Once in seven year, as an...
Favorite thing: Once in seven year, as an average, rains appear, and they are devastating. They inundate the flat land, and drainage is not easy at all given the low gradient between Piura and the sea. "El Niño" is the name which is commonly given to this phenomena. The consequences of "El Niño" are tremendous all over the planet, but it begins one year before along the coast of Piura and Tumbes with very basic signs, any fisherman is able to detect them well in advance. Lobsters follow the warm waters, when they can be caught in unusual points, too much South, for example, that means the cold Humboldt stream running Northbound along the Peruvian coast and the warm Galapagos equatorial stream flowing Southbound along the coast of Ecuador are converging in an unusual place. The enormous masses of cold waters reaching the warm climate equatorial zone bring too much humidity, they evaporate and give way to a series of meteorological reactions resulting in heavy rains in Northern Peru around Christmas time (that is where the "El Niño" name come from, as "Niño" stays for the baby Jesus). After this first phenomenon, everybody knows terrible climatic consequences are to be expected all over our planet in the coming year. So: ask the fishermen where they found the lobsters and you'll be able to foresee the coming "Niño".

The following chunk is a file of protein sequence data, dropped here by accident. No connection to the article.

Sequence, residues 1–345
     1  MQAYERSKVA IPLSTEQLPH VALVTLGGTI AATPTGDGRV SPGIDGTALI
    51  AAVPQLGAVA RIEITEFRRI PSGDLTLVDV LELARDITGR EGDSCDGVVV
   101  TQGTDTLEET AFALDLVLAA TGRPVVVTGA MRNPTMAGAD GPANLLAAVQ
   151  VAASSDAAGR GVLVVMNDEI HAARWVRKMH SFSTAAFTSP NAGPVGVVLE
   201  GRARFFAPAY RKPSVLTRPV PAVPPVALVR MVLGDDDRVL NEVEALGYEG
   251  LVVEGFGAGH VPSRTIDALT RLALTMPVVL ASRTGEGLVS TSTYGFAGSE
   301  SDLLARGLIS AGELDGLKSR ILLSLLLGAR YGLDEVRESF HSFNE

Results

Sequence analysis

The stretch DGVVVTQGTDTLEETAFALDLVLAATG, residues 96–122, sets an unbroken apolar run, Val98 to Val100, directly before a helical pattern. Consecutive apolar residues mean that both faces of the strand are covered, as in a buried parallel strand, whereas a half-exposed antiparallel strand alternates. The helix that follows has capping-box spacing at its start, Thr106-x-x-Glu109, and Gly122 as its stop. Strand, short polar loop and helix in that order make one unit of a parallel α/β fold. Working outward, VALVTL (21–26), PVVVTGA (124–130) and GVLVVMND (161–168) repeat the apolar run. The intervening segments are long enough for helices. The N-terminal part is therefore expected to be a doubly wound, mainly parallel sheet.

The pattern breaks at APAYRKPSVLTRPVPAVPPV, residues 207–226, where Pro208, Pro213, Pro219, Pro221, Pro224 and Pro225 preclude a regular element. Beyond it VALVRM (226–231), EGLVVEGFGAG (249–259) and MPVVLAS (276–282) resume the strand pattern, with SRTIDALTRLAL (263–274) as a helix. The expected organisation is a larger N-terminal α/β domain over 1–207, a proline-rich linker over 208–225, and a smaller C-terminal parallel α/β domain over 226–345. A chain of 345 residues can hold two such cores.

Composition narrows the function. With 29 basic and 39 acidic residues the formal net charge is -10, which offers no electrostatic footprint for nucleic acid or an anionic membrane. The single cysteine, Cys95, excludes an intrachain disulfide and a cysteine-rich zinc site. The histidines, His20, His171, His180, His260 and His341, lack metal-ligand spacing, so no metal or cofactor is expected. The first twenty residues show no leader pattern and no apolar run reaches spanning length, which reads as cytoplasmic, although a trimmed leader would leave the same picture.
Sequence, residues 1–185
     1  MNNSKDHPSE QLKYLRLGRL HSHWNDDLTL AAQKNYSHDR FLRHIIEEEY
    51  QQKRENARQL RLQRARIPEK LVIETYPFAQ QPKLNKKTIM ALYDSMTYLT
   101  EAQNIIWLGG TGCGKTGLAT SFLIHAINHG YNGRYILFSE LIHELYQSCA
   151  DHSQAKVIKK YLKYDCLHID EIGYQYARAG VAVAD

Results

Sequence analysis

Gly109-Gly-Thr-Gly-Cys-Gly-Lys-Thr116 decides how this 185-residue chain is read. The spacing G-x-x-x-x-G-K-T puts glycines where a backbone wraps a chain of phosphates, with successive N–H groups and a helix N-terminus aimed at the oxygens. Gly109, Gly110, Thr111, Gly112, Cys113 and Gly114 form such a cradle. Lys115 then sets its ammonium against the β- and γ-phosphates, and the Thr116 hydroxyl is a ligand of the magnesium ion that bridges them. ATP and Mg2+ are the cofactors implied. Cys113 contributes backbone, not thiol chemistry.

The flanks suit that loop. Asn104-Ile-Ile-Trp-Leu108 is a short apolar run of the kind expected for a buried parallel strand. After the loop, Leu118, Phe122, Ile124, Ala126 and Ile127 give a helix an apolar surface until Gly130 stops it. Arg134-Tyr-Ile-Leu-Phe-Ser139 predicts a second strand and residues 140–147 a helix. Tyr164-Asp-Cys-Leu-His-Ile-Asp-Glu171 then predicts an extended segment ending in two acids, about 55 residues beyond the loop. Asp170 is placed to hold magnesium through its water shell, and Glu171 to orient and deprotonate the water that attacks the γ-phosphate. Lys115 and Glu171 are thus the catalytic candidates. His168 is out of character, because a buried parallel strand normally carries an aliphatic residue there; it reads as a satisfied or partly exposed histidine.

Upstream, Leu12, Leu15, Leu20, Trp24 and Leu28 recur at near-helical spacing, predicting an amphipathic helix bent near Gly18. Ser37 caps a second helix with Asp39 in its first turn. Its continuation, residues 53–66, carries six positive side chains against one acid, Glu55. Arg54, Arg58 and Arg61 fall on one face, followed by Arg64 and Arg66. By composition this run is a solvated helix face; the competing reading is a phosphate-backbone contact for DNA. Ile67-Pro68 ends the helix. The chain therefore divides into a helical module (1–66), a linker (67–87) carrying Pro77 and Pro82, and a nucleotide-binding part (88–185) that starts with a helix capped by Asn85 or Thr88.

In the fields, the most visible effect of the rainy periods may be noticed by the existing trees. As nobody is taking into consideration the fact of transplanting or afforestating the area (well, one of our project tried to do this, but it was not really a success), the only existing trees grow simultaneously: you can recognize trees which are 7 years old, trees around 14 or 20 or 25 years old. The picture show one of this group of trees: most of them are algarrobo (carrube tree). Algarrobo pods are a staple for goats, a luxury fodder for pigs and they are also used to produce a honey-like syrup, delicious and very energetic.
Piura: so dry you can't imagine!
Favorite thing: Piura is in the middle of one of the driest areas in the World.Average rains are lower than 50 mm/year, but it would be easier to say there's no rain at all, other than the years 'El Niño' appears. In this flat sandy area, irrigated agriculture is practised since the beginning of the XIX century, that is 200 hundreds years ago. Farmers are able to handle water across the sands, they know how to dig channels, they know how to choose the proper route and desert has been transformed in a greeny area using the waters of rio Chira and rio San Lorenzo, which are flowing down from the Andes. Both rivers, as well as rio Piura, never reach the sea: they are lost in the sands between Piura and Paita - the harbour on the Pacific Ocean shore. In the picture you may see a traditional channel, hand dug in the sands.